Reasons why you miss Disney

By Elizabeth Daskalakis EDITOR-IN-CHIEF Remember when you actually watched Disney Channel? Here are some reasons why you miss the “old” Disney Channel and why it was your faorite. 1) The fashionable 90’s and 2000’s clothes that inspired your own wardrobe. 2) Every character seemed to have cool parents or lives that you were jealous of 3) School seemed fun and unlike your school they would all sing and dance together 4) Disney Channel is where your

career as a fangirl started. Phil Diffy and Keeley Teslow am I right? Two people could not be anymore perfect for each other. 5) Troy Bolton 6) The Disney Channel movies were actually entertaining. Remember Smart House and Halloween Town? 7) The Lizzie McGuire movie had the best soundtrack ever and she sang with her clone on stage. How could that get any better? 8) That So Raven took place in San Francisco and you felt cool

and you never got tired of her crazy shannonigans. Like when she had to eat the melting cheese in the vent so the school would not smell or got the gum in Alana’s hair? 9) Hannah Montana was like your best friend because you kept her secret. You almost felt disappointed that Uncle Erle was not related to you. 10) Disney 365 and Mike’s Super Short Show kept you updated on the Disney gossip.

Staff Reporters: Jacob Battat Taylor Cotchett Zachary Gold Rachel Greenwood Ashley Harper Christopher Hu Charlie Jones Mallory Jones Isabella Ko Noah Lazers Alex Lee Andrew Longworth Chelsea Lopez Claire Morrison Evalynna Ong Redmond Peiro Renata Servulo Emily Williams David Zhou Jacquelyne Zuercher The Burlingame B welcomes comments as well as information about errors that need to be corrected. Email these to <theburlingameb@ gmail.com>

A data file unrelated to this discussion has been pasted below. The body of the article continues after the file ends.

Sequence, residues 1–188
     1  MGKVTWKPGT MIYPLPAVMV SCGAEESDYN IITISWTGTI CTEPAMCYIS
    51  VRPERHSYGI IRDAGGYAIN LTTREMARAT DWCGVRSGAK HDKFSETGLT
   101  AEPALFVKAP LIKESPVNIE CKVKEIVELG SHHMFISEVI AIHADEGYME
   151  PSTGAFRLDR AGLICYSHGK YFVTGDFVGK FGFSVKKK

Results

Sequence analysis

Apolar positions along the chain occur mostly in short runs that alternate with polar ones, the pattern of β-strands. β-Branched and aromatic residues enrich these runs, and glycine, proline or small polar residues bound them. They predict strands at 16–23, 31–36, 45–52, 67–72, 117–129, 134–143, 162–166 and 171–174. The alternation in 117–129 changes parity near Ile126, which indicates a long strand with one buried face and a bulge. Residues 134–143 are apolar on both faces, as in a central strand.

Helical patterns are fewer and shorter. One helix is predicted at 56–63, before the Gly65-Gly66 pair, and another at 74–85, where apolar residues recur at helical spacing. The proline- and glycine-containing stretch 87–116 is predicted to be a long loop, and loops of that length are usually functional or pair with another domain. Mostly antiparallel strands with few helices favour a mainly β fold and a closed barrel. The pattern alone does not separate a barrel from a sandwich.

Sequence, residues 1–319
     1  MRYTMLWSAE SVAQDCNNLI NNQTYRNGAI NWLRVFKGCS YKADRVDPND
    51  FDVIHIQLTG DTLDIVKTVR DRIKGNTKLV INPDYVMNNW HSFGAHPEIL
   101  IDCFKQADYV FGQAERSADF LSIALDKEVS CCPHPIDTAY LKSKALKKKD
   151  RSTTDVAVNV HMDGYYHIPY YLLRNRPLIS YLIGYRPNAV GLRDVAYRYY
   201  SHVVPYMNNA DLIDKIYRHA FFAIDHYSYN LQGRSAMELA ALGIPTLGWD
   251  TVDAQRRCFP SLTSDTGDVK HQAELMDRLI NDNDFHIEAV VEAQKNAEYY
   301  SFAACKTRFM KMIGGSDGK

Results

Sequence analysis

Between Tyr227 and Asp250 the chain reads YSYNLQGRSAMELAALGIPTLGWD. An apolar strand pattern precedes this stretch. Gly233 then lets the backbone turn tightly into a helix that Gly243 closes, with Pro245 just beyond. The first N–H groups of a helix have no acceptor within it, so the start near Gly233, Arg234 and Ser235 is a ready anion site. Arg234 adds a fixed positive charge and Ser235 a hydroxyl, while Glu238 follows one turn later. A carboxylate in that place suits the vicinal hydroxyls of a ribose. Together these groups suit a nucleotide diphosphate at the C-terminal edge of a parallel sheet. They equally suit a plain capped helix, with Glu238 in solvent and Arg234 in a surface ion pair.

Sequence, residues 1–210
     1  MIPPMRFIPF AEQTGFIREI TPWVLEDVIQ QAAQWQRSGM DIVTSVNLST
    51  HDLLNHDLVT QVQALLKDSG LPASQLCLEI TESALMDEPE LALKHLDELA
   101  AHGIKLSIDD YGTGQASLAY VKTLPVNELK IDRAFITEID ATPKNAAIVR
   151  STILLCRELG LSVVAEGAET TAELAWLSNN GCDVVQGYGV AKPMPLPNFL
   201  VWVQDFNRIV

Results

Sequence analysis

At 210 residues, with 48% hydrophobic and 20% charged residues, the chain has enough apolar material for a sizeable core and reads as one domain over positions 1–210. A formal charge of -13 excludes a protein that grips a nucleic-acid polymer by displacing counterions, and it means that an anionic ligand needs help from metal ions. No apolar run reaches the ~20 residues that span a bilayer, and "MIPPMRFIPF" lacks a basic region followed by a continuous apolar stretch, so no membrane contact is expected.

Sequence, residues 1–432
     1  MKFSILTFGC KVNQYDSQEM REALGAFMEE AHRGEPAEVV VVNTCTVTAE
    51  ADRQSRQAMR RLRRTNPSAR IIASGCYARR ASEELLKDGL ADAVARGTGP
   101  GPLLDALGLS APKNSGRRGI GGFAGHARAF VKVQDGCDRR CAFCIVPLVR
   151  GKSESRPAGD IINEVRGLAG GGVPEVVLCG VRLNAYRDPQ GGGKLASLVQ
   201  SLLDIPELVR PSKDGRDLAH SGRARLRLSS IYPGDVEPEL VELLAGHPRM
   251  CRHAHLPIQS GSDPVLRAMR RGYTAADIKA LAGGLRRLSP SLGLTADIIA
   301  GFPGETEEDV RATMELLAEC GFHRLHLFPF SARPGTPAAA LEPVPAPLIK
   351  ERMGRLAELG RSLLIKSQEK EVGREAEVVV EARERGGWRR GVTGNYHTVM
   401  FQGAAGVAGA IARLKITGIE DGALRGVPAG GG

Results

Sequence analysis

Entertainment

6

Monday, Sep. 29, 2014

Robin Williams: his legacy lives on Mrs. Doubtfire were award-winning and if not yet seen should be watched. “I remember Flubber,” states BHS Junior Cooper Thompson when asked his favorite childhood movie that starred Williams. Students may also recognize Williams’ voice in the animated movies Robots, Happy Feet, and of course, Aladdin. Born in Chicago, Williams originally attended Claremont Men’s College in California to study political science, but ended up at the Juilliard School in New York after he and his teachers discovered his proficiency on the stage. From there, Williams graduated and moved to San Francisco to lead a successful stand up career at the Holy City Zoo comedy club. His inspirational move from bartender to onstage performer led many critics to later credit him with spearheading the “Comedy Renaissance” during the 1970’s in the Bay Area. Although Williams was found to be using drugs and alcohol during his career, he was very open about their consequences in his life. He was known to even use his issues with substance abuse as material for his shows and claimed it was “cheaper than